This excellent Op-Ed published May 11, 2018 in the Globe and Mail written by Mary Beth Pfeiffer reviews many critical issues related to Lyme Disease:
Click on link above to access full article.
'Of paramount concern amid this invasion is that the standard treatment for Lyme disease used in Canada and other countries – a short course of antibiotics – leaves a significant share of patients ill for weeks, months and sometimes years. This treatment is based on care guidelines developed in the United States that new research suggests are flawed. Until the medical establishment stops denying a problem exists, more people will suffer.'
'At this crucial juncture, Canadians would do well to learn from the mistakes of the U.S. model of Lyme disease care, which has cost patients dearly in delayed diagnoses and inadequate treatments. Since 2000, when the first treatment guidelines were issued in the United States, Lyme disease has been framed as an infection that is straightforward to both diagnose and treat. It is not.'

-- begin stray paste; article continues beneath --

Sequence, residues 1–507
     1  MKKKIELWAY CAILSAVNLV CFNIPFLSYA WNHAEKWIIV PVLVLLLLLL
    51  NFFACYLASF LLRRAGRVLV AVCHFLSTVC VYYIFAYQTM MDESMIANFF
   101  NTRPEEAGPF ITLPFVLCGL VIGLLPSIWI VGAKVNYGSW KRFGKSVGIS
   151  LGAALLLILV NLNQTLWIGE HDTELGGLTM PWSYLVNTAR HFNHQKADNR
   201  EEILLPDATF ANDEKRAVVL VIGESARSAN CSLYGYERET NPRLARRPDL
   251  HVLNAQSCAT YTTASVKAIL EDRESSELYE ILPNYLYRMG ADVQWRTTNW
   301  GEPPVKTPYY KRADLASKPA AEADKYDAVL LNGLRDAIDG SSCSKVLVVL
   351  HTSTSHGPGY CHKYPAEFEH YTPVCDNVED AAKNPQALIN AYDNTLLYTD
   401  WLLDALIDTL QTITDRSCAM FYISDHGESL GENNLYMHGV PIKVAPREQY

'the U.S. guidelines have set the standard for – have essentially dictated – management of this epidemic. Yet, at least 20 scientific publications since 2012 have reported that the way Lyme disease is treated, with 10 to 28 days of antibiotics, may not be working. The pathogen survived in infected monkeys and mice and in test tubes when exposed to an array of antibiotics used in people.'
More about the Author:
Mary Beth Pfeiffer
Author: Lyme: The First Epidemic of Climate Change, Island Press, April 2018
Lyme: The First Epidemic of Climate Change documents the human contribution to the dangerous spread of Lyme disease to dozens of countries and multitudes of people. In a book based firmly in science, author Mary Beth Pfeiffer shows ticks climbing mountains and crossing borders as temperatures rise and ecosystems altered. As important, Pfeiffer challenges medical dogma that has left many untreated. "Lyme"makes a powerful case for action to combat ticks, address patient pain, and recognize humanity's role in creating an epidemic.
Leave a Reply.
Write something about yourself. No need to be fancy, just an overview.